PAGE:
I am not sold on most of it myself.
Everything is ying and yang.
If everyone in a city went 100% energy efficient and say they saved 50% on energy use the bills would still be the same as the utilitie companies would then simply raise rates by the same amount to continue profit margin so in the long run consumers would spend to retrofit for nothing.
Reward is expense and tight fitting homes with poor air exchange and mercury filled bulbs.
I couldn’t agree more!
I don’t even waste my time trying to advertise and promote energy audits. Most people don’t spend money unless they have to, myself included.
Just the threat of energy audits are causing rates to raise. Save energy, but not money. This, IMHO, is nothing but a modern marketing scam to get people to save energy, so utility companies do not have to expand their production/output/power plants.
Sure, there are older homes out there that are energy hogs, but people still love to live in these older, character-feeling older homes. They realize that they have to pay higher utilities to live in these homes.
90% furnaces will be all that you will be able to purchase soon, and the HVAC companies will make millions. Government in action, with their political contributors in tow.
If you “Certified Thermographers” really understood weatherization issues and testing, you would be able to fix building issues using weatherization standards of testing. But don’t let me get in your way. I’ll collect $$$ all day long from your inabilities…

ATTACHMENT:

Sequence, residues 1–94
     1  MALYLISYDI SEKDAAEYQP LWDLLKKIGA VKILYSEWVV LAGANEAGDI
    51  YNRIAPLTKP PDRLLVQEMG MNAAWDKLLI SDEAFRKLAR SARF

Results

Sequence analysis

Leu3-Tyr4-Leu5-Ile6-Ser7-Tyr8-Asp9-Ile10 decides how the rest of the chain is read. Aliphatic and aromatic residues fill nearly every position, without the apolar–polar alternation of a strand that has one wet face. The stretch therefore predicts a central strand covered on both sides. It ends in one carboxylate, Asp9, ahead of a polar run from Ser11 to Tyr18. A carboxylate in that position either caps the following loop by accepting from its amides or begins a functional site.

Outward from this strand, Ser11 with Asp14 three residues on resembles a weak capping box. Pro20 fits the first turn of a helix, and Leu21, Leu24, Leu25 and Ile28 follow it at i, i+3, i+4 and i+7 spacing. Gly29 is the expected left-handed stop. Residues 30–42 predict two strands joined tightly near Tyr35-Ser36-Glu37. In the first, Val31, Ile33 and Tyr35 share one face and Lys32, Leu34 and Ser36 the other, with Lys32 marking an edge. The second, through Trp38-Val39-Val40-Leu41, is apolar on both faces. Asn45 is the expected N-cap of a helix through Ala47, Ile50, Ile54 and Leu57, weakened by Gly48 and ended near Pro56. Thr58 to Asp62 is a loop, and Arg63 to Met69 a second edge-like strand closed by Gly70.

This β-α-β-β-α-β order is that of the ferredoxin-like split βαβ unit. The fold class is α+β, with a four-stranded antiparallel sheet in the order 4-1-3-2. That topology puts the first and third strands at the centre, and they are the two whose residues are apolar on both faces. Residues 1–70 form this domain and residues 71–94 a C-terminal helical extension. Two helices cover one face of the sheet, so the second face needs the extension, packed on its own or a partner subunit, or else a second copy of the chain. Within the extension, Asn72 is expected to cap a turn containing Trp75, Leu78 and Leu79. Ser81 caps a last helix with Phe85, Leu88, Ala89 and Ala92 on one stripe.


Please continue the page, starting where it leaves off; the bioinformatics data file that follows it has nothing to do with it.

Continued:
Until I got some training in building science, and began to understand the poor construction techniques of the last 40 years, I use to think the same way…
But, as they say, education on any subject helps to provide a better understanding.
Tight fitting homes ARE the goal, but with PROPER ventilation, to prevent appliance venting problems, IAQ problems, etc. etc. etc…
I believe its the ASHRAE 62.2-10requirements, that tell you how much is required, etc…
I’m not trying to encourage anyone with energy savings, but do want folks to know that its their money going up the chimney, and they can slow that process considerably with just air sealing and insulation first, before the big bucks are spent on things like windows and HE systems, etc.
This program, formerly called Two Techs in a Truck has now been dubbed, EnergySmart and here is their website: http://www.energysmartyes.com/
Notice how many homes and businesses have followed though on the auditors suggestions and made upgrades, with utility rebates. Happy testimonials on their site say quite a different story from the one in this 2010 article that this thread started with.